Hawaiian Airlines Extra Comfort seats now on sale

Back in November Hawaiian Airlines announced that they would add “Extra Comfort” seats on their A330 aircraft for service starting later in 2014. Those seats are now on sale, effective for travel starting on 1 August 2014.

Same old seats, lots more legroom!

There are two pricing tiers for the service, depending on the route (and distance) being flown:

Domestic Routes Extra Comfort (USD)

  • Los Angeles (LAX) $60
  • Las Vegas (LAS) $60
  • New York City (JFK) $100
  • Portland (PDX) $60
  • San Diego (SAN) $60
  • San Francisco (SFO) $60
  • Seattle (SEA) $60

International Routes Extra Comfort (USD)

  • Auckland, New Zealand (AKL) $100
  • Beijing, China (PEK)** $100
  • Osaka, Kansai, Japan (KIX) $100
  • Papeete, Tahiti (PPT) $60
  • Sydney, Australia (SYD) $100
  • Taipei, Taiwan (TPE) $100
  • Tokyo, Haneda, Japan (HND) $100

These rates are comparable to what the carrier has previously charged for bulkhead row seating and the cost is reasonable given the distances/duration involved. I paid $40 for the bulkhead seat on JFK-HNL a couple years ago and wrote at the time that I was shocked it was so cheap (they raised the price not long after that). Now, for the same price as a bulkhead seat today passengers can get free access to the AVOD IFE system, meals & snacks and power at their seat. In the international markets the fee also includes an upgraded version of the pillow & blanket set to the “souvenir” model. Oh, and 36″ of pitch compared to the 31″ in the rest of the economy cabin.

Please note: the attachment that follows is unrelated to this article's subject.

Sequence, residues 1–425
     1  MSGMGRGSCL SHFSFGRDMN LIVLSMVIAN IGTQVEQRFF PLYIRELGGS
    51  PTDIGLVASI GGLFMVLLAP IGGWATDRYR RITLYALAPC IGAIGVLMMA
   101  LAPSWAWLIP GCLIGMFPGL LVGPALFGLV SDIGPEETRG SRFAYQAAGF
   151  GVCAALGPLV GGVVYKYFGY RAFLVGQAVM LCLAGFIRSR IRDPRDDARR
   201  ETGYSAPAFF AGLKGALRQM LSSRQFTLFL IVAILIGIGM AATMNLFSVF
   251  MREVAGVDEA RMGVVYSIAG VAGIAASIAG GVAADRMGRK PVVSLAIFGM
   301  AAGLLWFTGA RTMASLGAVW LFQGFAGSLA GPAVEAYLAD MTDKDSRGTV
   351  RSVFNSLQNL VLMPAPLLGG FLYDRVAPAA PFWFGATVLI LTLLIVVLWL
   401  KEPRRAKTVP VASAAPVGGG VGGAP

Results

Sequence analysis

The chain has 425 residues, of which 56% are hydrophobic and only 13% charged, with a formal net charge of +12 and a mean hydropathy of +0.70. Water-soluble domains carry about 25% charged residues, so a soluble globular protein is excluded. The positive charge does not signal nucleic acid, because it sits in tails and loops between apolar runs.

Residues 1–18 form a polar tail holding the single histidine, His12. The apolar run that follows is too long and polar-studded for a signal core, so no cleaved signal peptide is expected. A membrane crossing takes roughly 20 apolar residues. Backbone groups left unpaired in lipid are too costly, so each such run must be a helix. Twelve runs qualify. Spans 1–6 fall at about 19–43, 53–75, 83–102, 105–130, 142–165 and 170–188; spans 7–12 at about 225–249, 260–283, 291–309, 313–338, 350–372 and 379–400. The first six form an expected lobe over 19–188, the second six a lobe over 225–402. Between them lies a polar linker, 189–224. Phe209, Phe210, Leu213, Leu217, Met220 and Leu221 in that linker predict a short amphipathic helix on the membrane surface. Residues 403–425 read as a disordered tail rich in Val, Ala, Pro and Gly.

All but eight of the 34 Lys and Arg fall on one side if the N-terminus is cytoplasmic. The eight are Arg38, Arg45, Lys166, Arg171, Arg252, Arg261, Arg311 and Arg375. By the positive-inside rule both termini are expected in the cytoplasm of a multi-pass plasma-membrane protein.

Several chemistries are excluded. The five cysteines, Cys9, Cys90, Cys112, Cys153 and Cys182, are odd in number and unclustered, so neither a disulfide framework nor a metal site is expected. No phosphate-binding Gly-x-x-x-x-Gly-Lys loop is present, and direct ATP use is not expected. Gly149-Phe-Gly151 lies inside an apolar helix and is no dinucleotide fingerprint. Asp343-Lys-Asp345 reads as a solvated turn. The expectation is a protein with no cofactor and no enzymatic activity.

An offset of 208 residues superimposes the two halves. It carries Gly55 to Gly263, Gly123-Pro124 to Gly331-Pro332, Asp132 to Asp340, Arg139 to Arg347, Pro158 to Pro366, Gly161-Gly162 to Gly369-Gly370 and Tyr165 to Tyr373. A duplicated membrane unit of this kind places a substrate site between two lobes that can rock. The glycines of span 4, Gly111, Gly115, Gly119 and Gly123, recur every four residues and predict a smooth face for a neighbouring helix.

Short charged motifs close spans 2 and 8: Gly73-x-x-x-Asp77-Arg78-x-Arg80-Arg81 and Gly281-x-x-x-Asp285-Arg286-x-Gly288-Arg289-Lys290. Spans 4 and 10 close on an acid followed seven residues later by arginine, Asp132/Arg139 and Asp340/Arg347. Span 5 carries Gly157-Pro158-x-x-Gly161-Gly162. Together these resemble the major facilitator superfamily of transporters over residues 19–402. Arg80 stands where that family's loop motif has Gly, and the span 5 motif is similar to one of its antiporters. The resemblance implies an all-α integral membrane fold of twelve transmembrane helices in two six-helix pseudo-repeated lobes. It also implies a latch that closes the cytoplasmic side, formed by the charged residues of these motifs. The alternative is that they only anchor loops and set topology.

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Seth Miller

I'm Seth, also known as the Wandering Aramean. I was bit by the travel bug 30 years ago and there's no sign of a cure. I fly ~200,000 miles annually; these are my stories. You can connect with me on Twitter, Facebook, and LinkedIn.


  1. Which slimline seats are these?

    From the Fodor’s article:

    “The airline accomplished the reconfiguration by adjusting the closets and bulkhead dividers on the plane rather than shifting the other seats around. This allowed them to keep the same total number of seats on each plane, increase the comfort for some passengers, increase their ancillary revenue and offer a better product overall.”

    1. I don’t think they are slimline seats. They pulled out a closet and moved the other seats around; they didn’t refit the plane with new seats.

  2. Wow. That makes Hawaiian genuinely competitive to Australia. $200 for that amount of pitch is much better value than an extra $2,000 for PE on QF or NZ. And far better service than UA.

  3. Booked an Extra Comfort seat SYD-HNL for travel in October and was surprised it was only $100 more. When announced last year Hawaiian’s website listed “premium meals” on international flights in Extra Comfort, anyone know why that changed?

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